2002 Lincoln Blackwood

Randy G
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Laguna Beach, California So we're driving a Lincoln Blackwood on the Pacific Coast Highway late on a Friday evening. A twenty-something guy in a stepped-on white GMC Sierra pickup with matching hard tonneau races up alongside, appraises the 'Wood, and gives us an emphatic thumbs up. "Hmmm," we think. "Maybe this is the vehicle that will finally rescue Lincoln from the Town Car demographic abyss." This four-door, four-passenger, sybaritic, seemingly purposeless pickup may not represent the immediate future of Lincoln, but it's an indication of how the division wants to reinterpret the concept of American luxury.

The Blackwood, which is derived from the 1999 concept of the same name, is closely related in content and mission to the Navigator. Lincoln's lumbering SUV has been a runaway success, its image as the ultimate urban conveyance burnished by its role in Sean "Puffy" Combs's hasty exit from a Manhattan nightclub. The Blackwood takes the "image truck" idea further, because it's badder, bolder, and more exclusive, with only 10,000 units to be built annually.

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The Blackwood shares the Navigator's platform and is powered by the same 5.4-liter DOHC V-8. It also adopts some of the Navigator's chassis hardware, including the control-arm front suspension, but with slightly stiffer spring rates, new jounce bumpers, and a slimmer anti-roll bar. At the rear, leaf springs and air springs work in parallel. Acceleration-sensitive dampers sit at all four wheels, with those at the rear axle staggered to help mitigate the live axle's unseemly wind-up characteristics. Lincoln engineers benchmarked the LS sedan's steering for the Blackwood. Starting with the Ford Crown Victoria Police Interceptor's recirculating-ball setup, they incorporated a different power steering pump and stepped up effort requirements. The result is steering feel and linearity that, while not likely to impress Porsche drivers, is something Navigator owners can only dream about. Combined with the well-damped ride and the reasonable weight distribution, the Blackwood is far better to drive than the Navigator. Still, there's no forgetting the nearly three tons of weight being distributed.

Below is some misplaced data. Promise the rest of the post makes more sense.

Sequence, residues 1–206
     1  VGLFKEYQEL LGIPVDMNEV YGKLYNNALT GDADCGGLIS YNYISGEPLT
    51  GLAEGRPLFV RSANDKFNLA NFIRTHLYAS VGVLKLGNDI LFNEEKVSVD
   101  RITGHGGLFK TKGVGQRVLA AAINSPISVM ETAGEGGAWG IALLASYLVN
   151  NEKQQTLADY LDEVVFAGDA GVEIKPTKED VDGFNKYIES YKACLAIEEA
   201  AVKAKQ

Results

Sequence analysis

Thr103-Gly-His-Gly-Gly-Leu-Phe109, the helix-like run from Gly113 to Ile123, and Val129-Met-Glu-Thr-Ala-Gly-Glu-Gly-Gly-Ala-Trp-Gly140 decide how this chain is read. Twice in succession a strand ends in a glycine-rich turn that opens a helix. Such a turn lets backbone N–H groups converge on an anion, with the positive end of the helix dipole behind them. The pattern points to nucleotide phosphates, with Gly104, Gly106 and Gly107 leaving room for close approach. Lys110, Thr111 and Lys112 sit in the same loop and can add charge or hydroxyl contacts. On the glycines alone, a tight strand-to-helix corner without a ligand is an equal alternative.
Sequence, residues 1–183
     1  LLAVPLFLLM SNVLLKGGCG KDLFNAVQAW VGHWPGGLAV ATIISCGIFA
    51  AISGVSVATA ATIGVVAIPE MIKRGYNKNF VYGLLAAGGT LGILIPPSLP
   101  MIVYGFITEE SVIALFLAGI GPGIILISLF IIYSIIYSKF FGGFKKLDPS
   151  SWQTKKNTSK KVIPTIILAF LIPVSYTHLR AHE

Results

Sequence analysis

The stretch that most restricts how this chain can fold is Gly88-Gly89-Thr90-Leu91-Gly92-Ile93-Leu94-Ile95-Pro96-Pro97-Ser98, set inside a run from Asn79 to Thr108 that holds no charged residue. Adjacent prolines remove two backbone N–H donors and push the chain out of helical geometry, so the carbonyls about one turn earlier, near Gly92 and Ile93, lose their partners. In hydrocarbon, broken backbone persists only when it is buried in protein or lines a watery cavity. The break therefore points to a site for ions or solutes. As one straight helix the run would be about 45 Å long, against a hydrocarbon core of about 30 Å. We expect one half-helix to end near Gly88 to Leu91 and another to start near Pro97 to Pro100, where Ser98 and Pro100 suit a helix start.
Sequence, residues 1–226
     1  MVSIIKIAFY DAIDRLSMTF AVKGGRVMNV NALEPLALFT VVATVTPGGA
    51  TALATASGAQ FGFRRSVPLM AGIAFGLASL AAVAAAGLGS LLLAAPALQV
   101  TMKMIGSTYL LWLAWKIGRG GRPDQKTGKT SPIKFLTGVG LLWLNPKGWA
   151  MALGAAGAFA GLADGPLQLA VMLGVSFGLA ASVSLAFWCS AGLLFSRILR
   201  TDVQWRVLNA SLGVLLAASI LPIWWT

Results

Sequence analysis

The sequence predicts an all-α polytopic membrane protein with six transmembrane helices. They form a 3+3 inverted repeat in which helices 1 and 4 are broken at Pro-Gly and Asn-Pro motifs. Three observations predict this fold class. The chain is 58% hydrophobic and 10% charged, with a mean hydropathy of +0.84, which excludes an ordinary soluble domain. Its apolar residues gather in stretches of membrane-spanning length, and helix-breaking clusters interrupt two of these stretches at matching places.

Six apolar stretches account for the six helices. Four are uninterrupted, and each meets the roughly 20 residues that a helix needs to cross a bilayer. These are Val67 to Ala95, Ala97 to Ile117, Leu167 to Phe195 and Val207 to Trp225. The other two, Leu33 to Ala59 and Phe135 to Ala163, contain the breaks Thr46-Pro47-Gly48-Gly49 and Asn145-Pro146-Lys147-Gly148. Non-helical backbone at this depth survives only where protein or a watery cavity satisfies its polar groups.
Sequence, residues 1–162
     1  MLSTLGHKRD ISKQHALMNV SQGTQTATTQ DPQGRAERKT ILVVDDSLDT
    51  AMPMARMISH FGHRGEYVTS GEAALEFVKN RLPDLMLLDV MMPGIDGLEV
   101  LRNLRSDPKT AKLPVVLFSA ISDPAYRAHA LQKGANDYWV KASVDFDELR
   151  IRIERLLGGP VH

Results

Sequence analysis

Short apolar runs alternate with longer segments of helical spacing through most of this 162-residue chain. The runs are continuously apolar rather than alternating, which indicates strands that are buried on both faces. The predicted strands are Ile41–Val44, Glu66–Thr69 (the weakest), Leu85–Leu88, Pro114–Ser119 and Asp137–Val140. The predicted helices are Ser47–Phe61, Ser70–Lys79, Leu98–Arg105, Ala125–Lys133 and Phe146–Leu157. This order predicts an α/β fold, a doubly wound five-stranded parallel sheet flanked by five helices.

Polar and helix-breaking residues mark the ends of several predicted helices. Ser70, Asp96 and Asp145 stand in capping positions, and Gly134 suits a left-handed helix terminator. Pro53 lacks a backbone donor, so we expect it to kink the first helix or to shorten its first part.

The Blackwood isn't weighted down (or hoisted skyward) by four-wheel-drive hardware, because the concept truck was rear-wheel drive, and Lincoln wanted to retain its relatively low stance. The Blackwood should be fine in winter, though, with its bespoke Michelin eighteen-inch all-season rubber, standard traction control, and a limited-slip rear differential. "The key to our system is engine management," says vehicle dynamics engineer Dave Reiche. "The software recognizes deformable surfaces and allows up to seven percent wheelspin, because sometimes you need to let the tires dig into snow or sand just a little bit to gain traction."

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